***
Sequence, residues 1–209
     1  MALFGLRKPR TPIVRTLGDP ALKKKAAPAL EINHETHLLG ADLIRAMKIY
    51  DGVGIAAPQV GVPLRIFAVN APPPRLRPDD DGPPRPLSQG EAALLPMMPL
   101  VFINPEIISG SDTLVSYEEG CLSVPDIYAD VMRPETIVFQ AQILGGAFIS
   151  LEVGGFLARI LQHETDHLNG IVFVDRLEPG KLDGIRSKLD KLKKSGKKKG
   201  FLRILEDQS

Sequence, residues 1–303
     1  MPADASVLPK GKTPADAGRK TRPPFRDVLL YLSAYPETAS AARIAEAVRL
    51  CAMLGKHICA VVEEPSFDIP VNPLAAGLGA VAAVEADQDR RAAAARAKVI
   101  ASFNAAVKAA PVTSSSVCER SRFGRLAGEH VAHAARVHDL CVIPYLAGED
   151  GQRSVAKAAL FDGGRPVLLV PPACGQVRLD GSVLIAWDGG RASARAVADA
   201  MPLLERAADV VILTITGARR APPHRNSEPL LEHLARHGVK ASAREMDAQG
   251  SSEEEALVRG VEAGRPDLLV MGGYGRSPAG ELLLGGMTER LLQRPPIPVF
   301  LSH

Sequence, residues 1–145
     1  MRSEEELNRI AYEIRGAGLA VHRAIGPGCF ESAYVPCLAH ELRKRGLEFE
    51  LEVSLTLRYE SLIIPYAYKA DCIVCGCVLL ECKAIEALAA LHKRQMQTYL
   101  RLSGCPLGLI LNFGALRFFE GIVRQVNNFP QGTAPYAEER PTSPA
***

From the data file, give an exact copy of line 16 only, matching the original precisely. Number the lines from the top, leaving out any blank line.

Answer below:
     1  MRSEEELNRI AYEIRGAGLA VHRAIGPGCF ESAYVPCLAH ELRKRGLEFE